In 1995, Studio Ghibli released a film entitled Whispers Of The Heart, based on a manga by Aoi Hiiragi, of a girl writing a fantasy novel. Although the girl's life had no magical elements, the film featured short fantasy scenes depicting what the girl was writing of.
In 1999, a theme park company commissioned Studio Ghibli to produce a 20-minute film around a theme: cats. Tentatively titled "The Cat Project", Hayao Miyazaki became very interested and imposed a condition, that they use the characters of Muta and the Baron. According to Buta Connection, Miyazaki had a strong desire to create a fantastical adventure film after the success of his prior films. He wanted a movie in the vein of "Whisper of the Heart" by the late Yoshifumi Kondō which was a great success in 1995. He therefore asked the author of the manga that inspired this film, Aoi Hiiragi, to write a new story serving as the basis for a short project.
Using elements from "Whisper of the Heart", such as the Baron, Muta, and a mysterious antique shop - Aoi Hiiragi created a new manga called "Baron: The Cat Returns" (バロン 猫の男爵 Baron: Neko no Danshaku (later published in English by Viz Media). This manga being a commissioned work was therefore not published under the Shûeisha label, as was the case for "Whisper of the Heart", but under that of Tokuma Publishing (of which Studio Ghibli was still a subsidiary at this time) through Animage Comics Special titled: "Baron - Neko no Danshaku" and dated May 2002.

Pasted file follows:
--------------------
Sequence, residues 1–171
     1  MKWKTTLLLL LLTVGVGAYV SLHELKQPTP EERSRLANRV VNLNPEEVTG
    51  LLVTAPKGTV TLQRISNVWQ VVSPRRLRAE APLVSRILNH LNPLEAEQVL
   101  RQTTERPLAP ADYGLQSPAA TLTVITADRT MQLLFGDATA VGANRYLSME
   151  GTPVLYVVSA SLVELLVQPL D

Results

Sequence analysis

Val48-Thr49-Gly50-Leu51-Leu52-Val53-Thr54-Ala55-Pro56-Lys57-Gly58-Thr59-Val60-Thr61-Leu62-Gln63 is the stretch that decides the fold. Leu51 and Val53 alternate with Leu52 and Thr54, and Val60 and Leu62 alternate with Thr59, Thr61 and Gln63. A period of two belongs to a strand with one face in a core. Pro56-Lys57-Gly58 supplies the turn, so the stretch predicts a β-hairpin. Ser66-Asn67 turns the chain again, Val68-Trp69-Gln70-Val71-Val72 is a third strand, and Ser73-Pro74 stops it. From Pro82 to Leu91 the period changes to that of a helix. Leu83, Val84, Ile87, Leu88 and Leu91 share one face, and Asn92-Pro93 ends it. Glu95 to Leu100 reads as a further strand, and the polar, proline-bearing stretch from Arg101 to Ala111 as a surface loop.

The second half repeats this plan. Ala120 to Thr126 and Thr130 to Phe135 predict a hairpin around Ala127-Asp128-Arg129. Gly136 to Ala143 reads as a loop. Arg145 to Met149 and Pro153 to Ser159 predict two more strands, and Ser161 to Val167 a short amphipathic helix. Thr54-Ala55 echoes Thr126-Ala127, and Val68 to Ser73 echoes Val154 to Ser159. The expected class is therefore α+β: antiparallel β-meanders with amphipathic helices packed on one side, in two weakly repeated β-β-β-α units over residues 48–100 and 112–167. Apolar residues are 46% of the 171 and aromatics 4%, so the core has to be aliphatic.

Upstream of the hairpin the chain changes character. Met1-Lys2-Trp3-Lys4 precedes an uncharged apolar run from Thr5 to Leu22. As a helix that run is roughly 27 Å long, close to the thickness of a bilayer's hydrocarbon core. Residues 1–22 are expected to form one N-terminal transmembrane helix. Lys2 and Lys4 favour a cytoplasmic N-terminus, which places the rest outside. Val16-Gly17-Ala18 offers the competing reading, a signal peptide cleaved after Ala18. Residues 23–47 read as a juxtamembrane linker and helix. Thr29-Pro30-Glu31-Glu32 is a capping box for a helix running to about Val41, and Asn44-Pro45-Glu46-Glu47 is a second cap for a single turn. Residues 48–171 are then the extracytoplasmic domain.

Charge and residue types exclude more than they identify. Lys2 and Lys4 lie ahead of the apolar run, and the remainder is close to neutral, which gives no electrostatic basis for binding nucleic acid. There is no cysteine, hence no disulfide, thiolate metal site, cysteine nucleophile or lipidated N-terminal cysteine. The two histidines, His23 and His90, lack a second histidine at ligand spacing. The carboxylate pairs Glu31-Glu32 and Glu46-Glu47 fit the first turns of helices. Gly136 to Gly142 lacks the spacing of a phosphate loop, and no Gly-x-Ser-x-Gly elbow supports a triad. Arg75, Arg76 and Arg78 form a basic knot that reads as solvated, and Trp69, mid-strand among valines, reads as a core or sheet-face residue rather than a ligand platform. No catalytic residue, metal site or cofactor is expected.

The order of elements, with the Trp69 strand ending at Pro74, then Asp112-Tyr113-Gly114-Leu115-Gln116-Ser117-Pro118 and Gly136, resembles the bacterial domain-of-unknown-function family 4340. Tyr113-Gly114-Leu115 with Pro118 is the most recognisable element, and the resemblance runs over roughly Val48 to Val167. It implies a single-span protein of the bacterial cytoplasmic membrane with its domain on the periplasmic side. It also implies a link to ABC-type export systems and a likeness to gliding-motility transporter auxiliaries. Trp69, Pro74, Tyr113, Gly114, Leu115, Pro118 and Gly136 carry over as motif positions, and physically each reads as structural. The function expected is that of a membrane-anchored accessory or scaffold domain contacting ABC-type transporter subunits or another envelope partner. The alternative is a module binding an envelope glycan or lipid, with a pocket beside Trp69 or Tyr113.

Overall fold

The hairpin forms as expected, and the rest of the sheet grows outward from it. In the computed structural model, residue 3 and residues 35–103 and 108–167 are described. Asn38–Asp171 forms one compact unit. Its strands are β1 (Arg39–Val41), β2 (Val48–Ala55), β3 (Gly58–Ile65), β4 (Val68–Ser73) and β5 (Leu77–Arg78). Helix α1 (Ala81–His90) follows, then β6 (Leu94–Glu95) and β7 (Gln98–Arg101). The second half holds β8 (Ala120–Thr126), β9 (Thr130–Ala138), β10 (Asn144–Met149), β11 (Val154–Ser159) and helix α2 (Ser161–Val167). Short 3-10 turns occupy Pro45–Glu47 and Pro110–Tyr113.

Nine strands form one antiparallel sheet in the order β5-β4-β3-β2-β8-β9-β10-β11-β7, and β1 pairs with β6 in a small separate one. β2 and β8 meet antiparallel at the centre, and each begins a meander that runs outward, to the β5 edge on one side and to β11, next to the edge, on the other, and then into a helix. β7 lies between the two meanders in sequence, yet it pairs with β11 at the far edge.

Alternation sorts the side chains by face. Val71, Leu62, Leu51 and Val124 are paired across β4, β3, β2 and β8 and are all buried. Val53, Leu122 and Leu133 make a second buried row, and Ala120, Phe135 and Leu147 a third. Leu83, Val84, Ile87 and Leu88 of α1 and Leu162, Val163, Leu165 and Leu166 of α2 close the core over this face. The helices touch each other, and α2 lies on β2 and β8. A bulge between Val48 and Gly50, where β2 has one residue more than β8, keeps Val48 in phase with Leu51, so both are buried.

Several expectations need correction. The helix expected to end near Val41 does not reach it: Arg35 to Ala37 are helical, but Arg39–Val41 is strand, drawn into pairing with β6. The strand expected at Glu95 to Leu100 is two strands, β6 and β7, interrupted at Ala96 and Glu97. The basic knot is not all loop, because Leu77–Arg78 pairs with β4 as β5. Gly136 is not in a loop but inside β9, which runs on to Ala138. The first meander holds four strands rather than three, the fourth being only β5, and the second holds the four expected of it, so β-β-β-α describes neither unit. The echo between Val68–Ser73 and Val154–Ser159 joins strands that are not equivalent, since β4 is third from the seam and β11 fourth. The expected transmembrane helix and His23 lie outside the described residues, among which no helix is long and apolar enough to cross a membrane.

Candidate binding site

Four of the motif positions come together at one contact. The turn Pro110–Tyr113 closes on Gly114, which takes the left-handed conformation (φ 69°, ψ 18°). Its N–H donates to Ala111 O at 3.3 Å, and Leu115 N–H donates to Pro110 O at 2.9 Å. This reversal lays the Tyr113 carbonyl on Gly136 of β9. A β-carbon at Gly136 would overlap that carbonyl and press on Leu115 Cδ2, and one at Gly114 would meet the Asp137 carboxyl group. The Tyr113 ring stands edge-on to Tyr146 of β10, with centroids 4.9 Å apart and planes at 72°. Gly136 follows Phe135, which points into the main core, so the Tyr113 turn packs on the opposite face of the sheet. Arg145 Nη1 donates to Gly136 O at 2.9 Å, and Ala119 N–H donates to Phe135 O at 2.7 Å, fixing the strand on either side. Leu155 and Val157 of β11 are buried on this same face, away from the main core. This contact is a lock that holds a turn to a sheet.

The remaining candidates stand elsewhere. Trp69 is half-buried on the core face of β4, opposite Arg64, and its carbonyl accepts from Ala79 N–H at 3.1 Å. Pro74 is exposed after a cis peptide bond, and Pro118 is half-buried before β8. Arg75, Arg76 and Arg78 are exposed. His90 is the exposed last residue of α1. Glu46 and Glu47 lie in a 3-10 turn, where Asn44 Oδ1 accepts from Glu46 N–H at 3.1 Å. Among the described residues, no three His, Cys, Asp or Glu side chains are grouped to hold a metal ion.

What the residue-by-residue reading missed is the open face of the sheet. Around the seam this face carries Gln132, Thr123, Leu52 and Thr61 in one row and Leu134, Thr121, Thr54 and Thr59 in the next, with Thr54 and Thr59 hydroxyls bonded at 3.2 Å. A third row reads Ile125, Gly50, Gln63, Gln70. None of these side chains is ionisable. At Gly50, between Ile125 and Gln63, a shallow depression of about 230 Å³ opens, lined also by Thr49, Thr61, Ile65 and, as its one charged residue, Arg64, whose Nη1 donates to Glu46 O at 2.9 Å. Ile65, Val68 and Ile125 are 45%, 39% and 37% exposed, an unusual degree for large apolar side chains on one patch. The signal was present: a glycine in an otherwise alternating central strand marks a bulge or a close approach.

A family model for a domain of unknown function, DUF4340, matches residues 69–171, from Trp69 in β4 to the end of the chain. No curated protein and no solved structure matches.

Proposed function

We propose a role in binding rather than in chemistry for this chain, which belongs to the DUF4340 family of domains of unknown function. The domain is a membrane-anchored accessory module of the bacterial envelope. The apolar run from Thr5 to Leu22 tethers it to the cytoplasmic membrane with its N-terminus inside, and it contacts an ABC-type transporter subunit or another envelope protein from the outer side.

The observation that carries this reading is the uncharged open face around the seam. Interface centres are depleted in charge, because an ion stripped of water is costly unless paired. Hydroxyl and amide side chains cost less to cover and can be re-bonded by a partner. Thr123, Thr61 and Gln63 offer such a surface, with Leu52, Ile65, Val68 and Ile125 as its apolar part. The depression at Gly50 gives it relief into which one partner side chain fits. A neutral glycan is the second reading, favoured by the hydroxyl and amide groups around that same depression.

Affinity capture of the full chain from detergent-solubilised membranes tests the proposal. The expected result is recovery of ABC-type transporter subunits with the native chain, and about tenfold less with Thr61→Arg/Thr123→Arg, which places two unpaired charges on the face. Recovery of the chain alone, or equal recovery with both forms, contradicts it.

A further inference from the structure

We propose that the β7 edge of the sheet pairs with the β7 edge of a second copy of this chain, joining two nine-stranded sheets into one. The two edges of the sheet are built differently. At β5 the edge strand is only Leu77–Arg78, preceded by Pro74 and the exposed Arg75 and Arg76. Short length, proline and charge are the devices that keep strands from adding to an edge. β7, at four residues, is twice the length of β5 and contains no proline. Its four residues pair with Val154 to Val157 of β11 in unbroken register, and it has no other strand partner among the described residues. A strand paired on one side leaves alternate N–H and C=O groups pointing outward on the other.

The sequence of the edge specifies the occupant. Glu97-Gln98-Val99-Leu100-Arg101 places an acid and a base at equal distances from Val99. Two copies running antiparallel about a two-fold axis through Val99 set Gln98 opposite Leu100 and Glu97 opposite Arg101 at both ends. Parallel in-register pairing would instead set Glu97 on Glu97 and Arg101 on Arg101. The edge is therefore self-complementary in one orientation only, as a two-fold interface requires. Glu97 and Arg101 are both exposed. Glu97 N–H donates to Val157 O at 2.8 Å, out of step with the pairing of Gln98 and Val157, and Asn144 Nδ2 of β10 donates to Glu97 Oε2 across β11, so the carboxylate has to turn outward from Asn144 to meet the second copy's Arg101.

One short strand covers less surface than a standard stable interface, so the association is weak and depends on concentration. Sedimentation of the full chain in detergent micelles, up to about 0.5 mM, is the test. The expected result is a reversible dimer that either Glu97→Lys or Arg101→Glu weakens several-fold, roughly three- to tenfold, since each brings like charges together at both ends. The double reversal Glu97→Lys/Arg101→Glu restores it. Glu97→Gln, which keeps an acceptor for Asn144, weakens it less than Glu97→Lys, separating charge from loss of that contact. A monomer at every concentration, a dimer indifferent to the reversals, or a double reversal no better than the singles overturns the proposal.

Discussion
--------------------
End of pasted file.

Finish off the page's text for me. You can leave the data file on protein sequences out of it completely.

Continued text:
During an interview, Hiiragi explain her process, "(Haru) is an ordinary high school student, as there are everywhere. It was important that it be like this, so that viewers were captivated by the story. Then I created the frame for the story, the core of which is Haru's strange experience. The charm of imaginary tales lies in their unique and original vision of the world. I like the imagination,and I often read this kind of books. But when I had to write such a story myself, I wondered what worldview to create. Thus was born the Kingdom of cats. I made it into a world where everything is possible, nothing is really important.